= det( ’ »I) = (»i ’ »). (13.11)

by a fundamental constraint. While it is often

i=1

possible to clearly associate the ¬rst EOF with

a known physical process, this is much more

dif¬cult with the second (and higher-order) EOF 13.1.8 Degeneracy. As noted above, EOFs

because it is constrained to be orthogonal to are not uniquely determined. If »—¦ is a root of

the ¬rst EOF. However, real-world processes multiplicity 1 of p (») and e is a corresponding

do not need to have orthogonal patterns or (normalized) eigenvector, then e is unique up to

uncorrelated indices. In fact, the patterns that most sign, and either e or ’e is chosen as the EOF that

ef¬ciently represent variance do not necessarily corresponds to »—¦ . On the other hand, if »—¦ is a root

have anything to do with the underlying dynamical of multiplicity k, the solution space of

structure. Σe = »—¦ e

13.1.7 Vector Notation. The random vector X is of dimension k. The solution space is uniquely

may conveniently be written in vector notation by determined in the sense that it is orthogonal to

the space spanned by the m ’ k eigenvectors of

(13.8) Σ that correspond to eigenvalues »i = »—¦ . But

X = P±

any orthonormal basis e 1 , . . . , e k for the solution

where P is the m — m matrix space can be used as EOFs. In this case the

(13.9) EOFs are said to be degenerate. (An example is

P = e 1 |e 2 | · · · |e m

discussed in [13.1.9].)

that has EOFs in its columns, and ± is the m- Degeneracy can either be bad or good news. It is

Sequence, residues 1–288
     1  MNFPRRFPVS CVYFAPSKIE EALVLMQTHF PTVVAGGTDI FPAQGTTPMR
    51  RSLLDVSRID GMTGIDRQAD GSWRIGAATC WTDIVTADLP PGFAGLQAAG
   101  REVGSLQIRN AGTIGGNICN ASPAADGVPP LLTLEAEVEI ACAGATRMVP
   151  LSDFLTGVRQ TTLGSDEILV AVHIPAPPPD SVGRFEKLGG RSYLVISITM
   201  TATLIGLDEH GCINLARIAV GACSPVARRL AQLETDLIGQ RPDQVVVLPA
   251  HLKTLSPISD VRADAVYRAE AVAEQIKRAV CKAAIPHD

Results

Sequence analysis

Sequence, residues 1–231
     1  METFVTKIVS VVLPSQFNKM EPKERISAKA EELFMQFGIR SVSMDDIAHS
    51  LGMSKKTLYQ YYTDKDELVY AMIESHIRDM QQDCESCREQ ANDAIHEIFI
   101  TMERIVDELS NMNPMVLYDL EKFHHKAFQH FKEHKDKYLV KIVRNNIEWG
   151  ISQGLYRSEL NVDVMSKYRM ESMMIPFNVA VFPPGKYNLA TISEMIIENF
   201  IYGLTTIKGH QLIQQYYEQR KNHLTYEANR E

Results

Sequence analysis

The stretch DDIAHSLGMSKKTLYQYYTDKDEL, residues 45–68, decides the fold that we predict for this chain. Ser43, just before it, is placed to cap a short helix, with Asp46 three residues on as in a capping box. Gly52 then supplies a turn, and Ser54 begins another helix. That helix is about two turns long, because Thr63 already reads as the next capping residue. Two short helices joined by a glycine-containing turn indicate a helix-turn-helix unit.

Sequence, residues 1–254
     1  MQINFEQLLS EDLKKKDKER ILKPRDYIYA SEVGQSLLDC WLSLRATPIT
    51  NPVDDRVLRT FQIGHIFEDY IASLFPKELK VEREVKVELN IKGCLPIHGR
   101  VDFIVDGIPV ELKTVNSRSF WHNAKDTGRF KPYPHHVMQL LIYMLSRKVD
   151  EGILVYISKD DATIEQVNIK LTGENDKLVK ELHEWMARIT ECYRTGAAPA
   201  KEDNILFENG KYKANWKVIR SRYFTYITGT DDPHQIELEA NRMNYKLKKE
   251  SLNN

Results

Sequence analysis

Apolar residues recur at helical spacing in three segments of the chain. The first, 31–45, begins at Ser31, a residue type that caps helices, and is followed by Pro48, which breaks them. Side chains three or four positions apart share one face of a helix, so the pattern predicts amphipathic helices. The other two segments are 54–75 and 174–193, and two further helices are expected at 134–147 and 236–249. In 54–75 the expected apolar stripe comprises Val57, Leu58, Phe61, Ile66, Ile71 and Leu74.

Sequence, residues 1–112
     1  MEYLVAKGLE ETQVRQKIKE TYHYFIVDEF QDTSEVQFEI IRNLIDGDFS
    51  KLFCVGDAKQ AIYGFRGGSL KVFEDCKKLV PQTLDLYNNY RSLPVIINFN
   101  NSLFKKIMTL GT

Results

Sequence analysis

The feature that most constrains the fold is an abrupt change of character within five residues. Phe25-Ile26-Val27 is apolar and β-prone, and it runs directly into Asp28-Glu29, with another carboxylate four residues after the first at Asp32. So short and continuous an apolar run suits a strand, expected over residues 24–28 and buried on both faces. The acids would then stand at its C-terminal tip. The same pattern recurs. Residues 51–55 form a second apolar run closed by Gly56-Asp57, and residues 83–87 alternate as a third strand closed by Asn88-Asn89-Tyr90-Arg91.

dimensional (column) vector of EOF coef¬cients bad news if the EOFs are estimated from a sample

13.1: De¬nition of Empirical Orthogonal Functions 297

set of orthonormal vectors and associate them with

of iid realizations of X. Then degeneracy is mostly

a set of uncorrelated random variables.

a nuisance, because the patterns, which may

represent independent processes in the underlying The example may also be used to demonstrate

dynamics, can not be disentangled. the phenomenon of degeneracy. To do so, we

assume that all ±s have variance 1. Then, the

However, degeneracy may be good news if

the EOFs are estimates from a realization of a EOFs are degenerate and may be replaced by any

stochastic process Xt . Suppose, for example, that other set of orthonormal vectors. One such set of

p (») has a root of multiplicity 2. By construction, orthonormal vectors are the unit vectors u k with

the cross-correlation of the two corresponding a 1 in the kth row and zeros elsewhere. Then, the

representation (13.8), with P = ( p 1 | · · · | p m ), is

EOF coef¬cient time series will be zero at lag-0.

But this does not imply that the lagged cross- transformed as

correlations will be zero, and, in fact, they are often

X = P ± = PP T (P ±) = U β, (13.14)

nonzero. This means that a pair of EOFs and their

coef¬cient series could represent a signal that is

where the new EOFs are the columns of

propagating in space.

The representation of such a spatially propagat-

U = PP T = I = (u 1 | · · · |u m )

ing signal requires two patterns whose coef¬cients

vary coherently and are 90—¦ out-of-phase. The two and the EOF coef¬cients are given by

patterns representing a propagating signal are not

β = P ±.

uniquely determined; indeed if any two patterns

represent the signal, then any linear combination

These coef¬cients are uncorrelated as well because

of the two do so as well. Therefore, degeneracy is

of Var(±k ) = 1 for all k:

a necessary condition for the description of such

signals. Cov(β, β) = Cov(P ±, P ±)